What does this budget need to deliver genuine levelling up?
In less than two weeks the Chancellor Rishi Sunak will lay out his plan to rebuild the economy in the Comprehensive Spending Review.
Levelling up must tackle the fundamental barriers at the root of the North-South productivity gap and, with this in mind, we have written to the Chancellor to outline our eight-point plan to rebalance the UK economy, including:
- Transport infrastructure
- Towns and cities
- Health devolution
- Industrial policy
1. Transforming the economy through major transport investment
Levelling up cannot be achieved without HS2 and Northern Powerhouse Rail delivered in full.
Building HS2 from the North downwards to meet up with Phase 1 and 2b is the next step, such as on the east from Leeds station to Clayton to complete a key leg of Northern Powerhouse Rail, as well as connecting the North with new line across Pennines and upgrades to improve capacity and frequency between Liverpool to Hull and Newcastle via Manchester Airport and new Bradford City Centre station. This is fundamental to realising the potential of the North and creating a more balanced country with the North pulling its weight in contributions to the Exchequer.
The continued delays to the publication of the Integrated Rail Plan, and the continuing rumours about the Eastern leg of HS2 being scaled back and downgrading of new lines on NPR, have led to uncertainty and a lack of confidence from businesses looking to invest, while at the same time investment is pouring into Birmingham where work is forging ahead. Committing to the Eastern Leg would create more than 150,000 jobs and stimulate investment from all over the world as we recover from the pandemic.
2. Levelling up education outcomes
Long-term disadvantage is the single biggest root cause of the educational attainment gap between the North and the rest of the country. The pandemic has accentuated this disparity, leaving those without the access to good schooling and digital support falling further behind their better off peers.
We need to reform Pupil Premium to better target funding for disadvantage by allocating more to pupils eligible for free school meals throughout their schooling, addressing the most entrenched barriers to social mobility.
Development of Opportunity Areas and their extension to include health and wider determinants of children’s life chances across the North, where partners from across the public, private and voluntary sectors can work with schools to tackle the multiple barriers faced by disadvantaged children on a daily basis, delivered in partnership with local and combined authorities.
We need to widen and deepen devolution across the Northern Powerhouse, whether in the form of metro mayors or county deals, giving our mayors the full resources for levelling up, including skills funding and housing.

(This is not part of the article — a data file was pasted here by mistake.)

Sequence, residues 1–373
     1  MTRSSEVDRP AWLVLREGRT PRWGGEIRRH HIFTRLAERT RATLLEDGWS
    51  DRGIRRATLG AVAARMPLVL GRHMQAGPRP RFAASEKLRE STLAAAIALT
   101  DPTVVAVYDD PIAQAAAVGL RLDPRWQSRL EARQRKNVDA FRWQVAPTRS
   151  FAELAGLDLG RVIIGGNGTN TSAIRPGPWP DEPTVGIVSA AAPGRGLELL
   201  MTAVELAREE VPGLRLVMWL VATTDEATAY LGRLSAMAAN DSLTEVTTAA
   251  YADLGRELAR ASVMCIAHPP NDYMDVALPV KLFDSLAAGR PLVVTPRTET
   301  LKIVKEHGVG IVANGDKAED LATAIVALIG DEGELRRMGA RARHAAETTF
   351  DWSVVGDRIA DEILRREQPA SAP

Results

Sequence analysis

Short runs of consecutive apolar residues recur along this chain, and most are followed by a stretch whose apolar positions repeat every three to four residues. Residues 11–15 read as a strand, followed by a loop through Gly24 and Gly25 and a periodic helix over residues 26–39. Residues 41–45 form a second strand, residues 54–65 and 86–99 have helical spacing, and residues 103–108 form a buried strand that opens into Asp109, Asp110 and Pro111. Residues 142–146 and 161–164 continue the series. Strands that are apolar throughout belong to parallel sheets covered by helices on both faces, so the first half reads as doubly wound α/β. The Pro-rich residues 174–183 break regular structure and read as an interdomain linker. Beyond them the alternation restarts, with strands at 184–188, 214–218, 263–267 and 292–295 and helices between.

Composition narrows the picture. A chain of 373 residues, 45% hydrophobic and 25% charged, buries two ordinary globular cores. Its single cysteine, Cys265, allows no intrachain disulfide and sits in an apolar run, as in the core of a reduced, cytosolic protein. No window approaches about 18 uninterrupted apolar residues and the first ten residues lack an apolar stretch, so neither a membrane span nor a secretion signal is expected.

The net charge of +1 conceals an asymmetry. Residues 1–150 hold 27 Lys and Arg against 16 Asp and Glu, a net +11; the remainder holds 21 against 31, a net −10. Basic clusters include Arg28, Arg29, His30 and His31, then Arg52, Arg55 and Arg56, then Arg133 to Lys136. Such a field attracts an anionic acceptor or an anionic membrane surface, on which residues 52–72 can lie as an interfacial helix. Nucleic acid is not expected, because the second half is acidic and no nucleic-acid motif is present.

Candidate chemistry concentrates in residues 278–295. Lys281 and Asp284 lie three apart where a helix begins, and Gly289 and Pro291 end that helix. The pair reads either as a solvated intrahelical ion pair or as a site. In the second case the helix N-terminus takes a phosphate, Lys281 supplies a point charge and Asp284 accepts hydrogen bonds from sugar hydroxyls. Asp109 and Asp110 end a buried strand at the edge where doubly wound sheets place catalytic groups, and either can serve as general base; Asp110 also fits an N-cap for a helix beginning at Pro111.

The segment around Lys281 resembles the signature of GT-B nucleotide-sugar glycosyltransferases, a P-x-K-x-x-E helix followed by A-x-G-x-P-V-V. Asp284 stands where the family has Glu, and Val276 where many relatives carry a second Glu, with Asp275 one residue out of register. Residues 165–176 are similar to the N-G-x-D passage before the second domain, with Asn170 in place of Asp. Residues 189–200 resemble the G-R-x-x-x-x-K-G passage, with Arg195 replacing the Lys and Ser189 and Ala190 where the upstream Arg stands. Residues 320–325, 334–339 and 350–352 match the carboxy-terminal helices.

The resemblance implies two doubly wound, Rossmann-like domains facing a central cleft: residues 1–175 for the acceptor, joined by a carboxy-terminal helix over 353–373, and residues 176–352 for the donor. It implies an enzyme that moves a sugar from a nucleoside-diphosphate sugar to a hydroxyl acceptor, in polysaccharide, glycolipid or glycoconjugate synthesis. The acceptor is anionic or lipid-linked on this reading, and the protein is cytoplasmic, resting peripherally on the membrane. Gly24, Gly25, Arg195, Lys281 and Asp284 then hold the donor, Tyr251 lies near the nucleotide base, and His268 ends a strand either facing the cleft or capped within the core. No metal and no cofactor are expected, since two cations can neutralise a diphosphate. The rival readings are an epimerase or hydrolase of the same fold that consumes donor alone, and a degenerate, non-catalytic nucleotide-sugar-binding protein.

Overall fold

Plans for North Yorkshire, Cumbria and the North Bank of the Humber are now starting to take shape and we want to see devolution deals explored in Lancashire, Cheshire and Warrington and the extension of North of Tyne to the south of the river to include Gateshead and Sunderland.
Backing three initial distinct but complementary innovation clusters across the North could kickstart major economic growth.
The Northern Powerhouse Independent Economic Review (NPIER) set out the routemap for securing the scale of productivity growth needed to be able to close the North-South divide. It identified four prime capabilities – advanced manufacturing and materials, energy, health innovation and digital – in which the North of England is already UK-leading and, with the right investment, innovation and collaboration, could be world-leading.
In order to drive growth in these capabilities, we need to create clusters of innovation across the North to generate maximum growth potential, including:
- Innovation Greater Manchester
- North East clean energy innovation
- Innovation South Yorkshire
We must also expand the catapult network across regions based on industry partnerships and clear Northern strengths – such as on advanced materials in Greater Manchester. This will enable accelerated innovation diffusion. The scaled up Made Smarter across the North is helping drive ‘deep digital tech’ adoption in the manufacturing sector, this driving productivity & wage growth. On a pan Northern footprint, we submit the case for Net Zero North innovation programme by the N8 group of Northern universities, focused on areas including the hydrogen transition with a linked skills programme in partnership with FE colleges.
Business Secretary Kwasi Kwarteng launched the government’s new Innovation Strategy at the AMRC earlier this year
5. A skills revolution
We launched the Northern Coalition on Skills at the end of August alongside businesses such as Co-op, Sage and WANDisco to work together to supercharge the skills agenda by building on the work of previous governments, including the apprenticeship levy introduced by former Chancellor George Osborne. According to our research, the number of people starting an apprenticeship over the past two years has fallen by 58,000, a drop of 19%. The impact has been worst in the North of England, where the number dropped by 23,000 – a 22% decrease.